Now for Something Completely Different, Ménière’s Disease Vertigo Attacks

As some of you may know….

I own several horrible diseases that are quite disruptive to my life.

The focus of today’s post is Ménière’s Disease Vertigo Attacks.


Because today I’m having yet another Vertigo attack! Joy!

What is Ménière’s Disease ?

It is an Inner Ear Disease that causes Deafness, NEVER-ENDING Loud Tinnitus (Ringing in the ears), Vertigo Attacks, Dizziness, Nausea, Ear Pain….

Ménière’s Disease :

Ménière’s disease is a chronic, incurable vestibular (inner ear) disorder defined in 1995 by the Committee on Hearing and Equilibrium of the American Academy of Otolaryngology—Head and Neck Surgery as “the idiopathic syndrome of endolymphatic hydrops.” In plain language, this means that Ménière’s disease, a form of endolymphatic hydrops, produces a recurring set of symptoms as a result of abnormally large amounts of a fluid called endolymph collecting in the inner ear.

Experts aren’t sure what generates the symptoms of an acute attack of Ménière’s disease. The leading theory is that they result from increased pressure of an abnormally large amount of endolymph in the inner ear and/or from the presence of potassium in an area of the inner ear where it doesn’t belong. These conditions may be due to breaks in the membrane separating endolymph from the other inner ear fluid, perilymph. Some people with Ménière’s disease find that certain events and situations, sometimes called triggers, can set off attacks. These triggers include stress, overwork, fatigue, emotional distress, additional illnesses, pressure changes, certain foods, and too much salt in the diet.

“Ménière’s disease may start with fluctuating hearing loss, eventually progressing to attacks of vertigo and dizziness.

Oncoming attacks are often preceded by an “aura,” or the specific set of warning symptoms, listed below. Paying attention to these warning symptoms can allow a person to move to a safe or more comfortable situation before an attack.

  • balance disturbance
  • dizziness, lightheadedness
  • headache, increased ear pressure
  • hearing loss or tinnitus increase
  • sound sensitivity
  • vague feeling of uneasiness

During an attack of early-stage Ménière’s disease, symptoms include:

  • spontaneous, violent vertigo
  • fluctuating hearing loss
  • ear fullness (aural fullness) and/or tinnitus

In addition to the above main symptoms, attacks can also include:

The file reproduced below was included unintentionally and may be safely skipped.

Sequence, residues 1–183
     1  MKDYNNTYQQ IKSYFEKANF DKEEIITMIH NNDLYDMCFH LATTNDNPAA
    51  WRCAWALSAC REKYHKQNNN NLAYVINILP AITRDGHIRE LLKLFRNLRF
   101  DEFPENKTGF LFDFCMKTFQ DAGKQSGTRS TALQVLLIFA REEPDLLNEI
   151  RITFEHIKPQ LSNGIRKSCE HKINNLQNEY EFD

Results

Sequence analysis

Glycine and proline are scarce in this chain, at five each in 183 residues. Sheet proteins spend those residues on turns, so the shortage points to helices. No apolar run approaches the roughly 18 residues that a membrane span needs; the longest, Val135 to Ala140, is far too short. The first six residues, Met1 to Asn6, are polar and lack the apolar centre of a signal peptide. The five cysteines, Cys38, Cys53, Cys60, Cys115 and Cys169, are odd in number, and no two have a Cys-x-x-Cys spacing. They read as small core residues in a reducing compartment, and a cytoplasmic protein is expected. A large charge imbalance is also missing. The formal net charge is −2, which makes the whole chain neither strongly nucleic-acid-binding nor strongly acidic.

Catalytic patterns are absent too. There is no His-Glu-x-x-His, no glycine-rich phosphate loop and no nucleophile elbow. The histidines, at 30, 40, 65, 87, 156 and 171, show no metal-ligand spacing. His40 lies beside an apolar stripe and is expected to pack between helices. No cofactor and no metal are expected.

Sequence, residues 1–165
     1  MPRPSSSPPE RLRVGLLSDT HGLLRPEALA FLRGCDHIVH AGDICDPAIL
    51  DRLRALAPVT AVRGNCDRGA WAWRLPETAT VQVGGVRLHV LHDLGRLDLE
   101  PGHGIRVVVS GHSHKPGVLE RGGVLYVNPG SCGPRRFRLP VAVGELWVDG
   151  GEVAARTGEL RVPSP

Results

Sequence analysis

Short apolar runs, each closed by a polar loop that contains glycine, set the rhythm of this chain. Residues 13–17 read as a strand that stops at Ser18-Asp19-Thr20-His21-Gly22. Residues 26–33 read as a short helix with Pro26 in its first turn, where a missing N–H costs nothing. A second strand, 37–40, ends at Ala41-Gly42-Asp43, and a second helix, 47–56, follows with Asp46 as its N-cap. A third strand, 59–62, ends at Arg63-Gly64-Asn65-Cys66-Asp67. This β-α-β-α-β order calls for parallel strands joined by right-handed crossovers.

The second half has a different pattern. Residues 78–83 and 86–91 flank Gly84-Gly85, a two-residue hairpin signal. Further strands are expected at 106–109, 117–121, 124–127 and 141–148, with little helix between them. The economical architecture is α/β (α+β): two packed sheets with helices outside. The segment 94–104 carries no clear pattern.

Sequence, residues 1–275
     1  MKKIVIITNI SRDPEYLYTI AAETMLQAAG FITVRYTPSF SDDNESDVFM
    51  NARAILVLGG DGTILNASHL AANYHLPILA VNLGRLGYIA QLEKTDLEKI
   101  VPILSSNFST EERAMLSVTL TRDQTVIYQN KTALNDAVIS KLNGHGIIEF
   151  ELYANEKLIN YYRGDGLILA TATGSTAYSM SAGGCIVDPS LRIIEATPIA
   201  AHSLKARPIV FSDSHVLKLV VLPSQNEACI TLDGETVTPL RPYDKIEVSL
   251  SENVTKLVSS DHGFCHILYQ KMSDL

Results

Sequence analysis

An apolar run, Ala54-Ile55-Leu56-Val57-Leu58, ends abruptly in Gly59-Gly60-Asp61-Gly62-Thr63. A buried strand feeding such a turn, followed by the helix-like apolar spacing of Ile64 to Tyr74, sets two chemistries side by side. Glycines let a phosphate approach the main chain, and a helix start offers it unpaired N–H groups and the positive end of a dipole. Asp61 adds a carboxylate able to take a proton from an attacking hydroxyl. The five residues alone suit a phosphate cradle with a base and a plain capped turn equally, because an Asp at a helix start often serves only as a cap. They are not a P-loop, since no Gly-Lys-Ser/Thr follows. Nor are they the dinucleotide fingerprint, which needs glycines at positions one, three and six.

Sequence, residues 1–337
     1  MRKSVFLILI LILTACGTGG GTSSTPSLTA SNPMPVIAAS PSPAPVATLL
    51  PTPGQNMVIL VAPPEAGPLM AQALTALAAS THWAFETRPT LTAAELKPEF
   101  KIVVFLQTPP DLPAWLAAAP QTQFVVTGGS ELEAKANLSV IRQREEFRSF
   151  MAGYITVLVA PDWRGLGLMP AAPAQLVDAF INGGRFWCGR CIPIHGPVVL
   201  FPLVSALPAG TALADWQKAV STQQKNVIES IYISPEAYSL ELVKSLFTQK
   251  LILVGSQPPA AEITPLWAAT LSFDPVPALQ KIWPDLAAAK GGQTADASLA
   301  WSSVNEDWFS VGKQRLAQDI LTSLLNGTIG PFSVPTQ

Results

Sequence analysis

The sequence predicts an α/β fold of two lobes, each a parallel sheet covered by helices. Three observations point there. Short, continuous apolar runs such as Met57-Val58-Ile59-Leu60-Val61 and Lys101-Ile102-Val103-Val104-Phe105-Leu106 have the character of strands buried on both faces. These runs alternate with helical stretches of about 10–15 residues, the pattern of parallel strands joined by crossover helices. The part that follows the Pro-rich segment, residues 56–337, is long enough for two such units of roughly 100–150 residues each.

• anxiety, fear
  • diarrhea
  • blurry vision or eye jerking
  • nausea and vomiting
  • cold sweat, palpitations or rapid pulse
  • trembling

Following the attack, a period of extreme fatigue or exhaustion often occurs, prompting the need for hours of sleep.

The periods between attacks are symptom free for some people and symptomatic for others. Many symptoms have been reported after and between attacks:

  • anger, anxiety, fear, worry
  • appetite change
  • clumsiness
  • concentration difficulty, distractibility, tendency to grope for words
  • diarrhea
  • fatigue, malaise, sleepiness
  • headache, heavy head sensation
  • lightheadedness (faintness)
  • loss of self-confidence and self-reliance
  • nausea, queasiness, motion sickness
  • neck ache or stiff neck
  • palpitations or rapid pulse, cold sweat
  • sound distortion and sensitivity
  • unsteadiness (sudden falls, staggering or stumbling, difficulty turning or walking in poorly lit areas, tendency to look down or to grope for stable handholds)
  • vision difficulties (problems with blurring, bouncing, depth perception, glare intensification, focusing, watching movement; difficulty looking through lenses such as binoculars or cameras)
  • vomiting

Late-stage Ménière’s disease refers to a set of symptoms rather than a point in time. Hearing loss is more significant and is less likely to fluctuate. Tinnitus and/or aural fullness may be stronger and more constant. Attacks of vertigo may be replaced by more constant struggles with vision and balance, including difficulty walking in the dark and occasional sudden loss of balance. Sometimes, drop attacks of vestibular origin (Tumarkin’s otolithic crisis) occur in this stage of Ménière’s disease and are characterized by sudden brief loss of posture without loss of consciousness.”


I can tell you what a Vertigo Attack is like, and can also tell you that you NEVER want to get one!

1) It is like you are TOTALLY Drunk, combined with,

2) Stomach flu.

A HORRENDOUS combination!

It can happen anywhere at anytime!

I was crossing a very busy road a couple of weeks ago, and suddenly had an attack and almost fell over into oncoming traffic—I thought I was a dead man.

If you are alone when it happens, all kinds of shit can happen, and none of it very good!

If you are lucky, you will be at home when it happens, but there’s no negotiating with Vertigo or Ménière’s Disease.

It can take hours for the dizziness to fully go away.

It will definitely Fůçķ Up your day.

A day in the life of a Ménière’s Disease owner.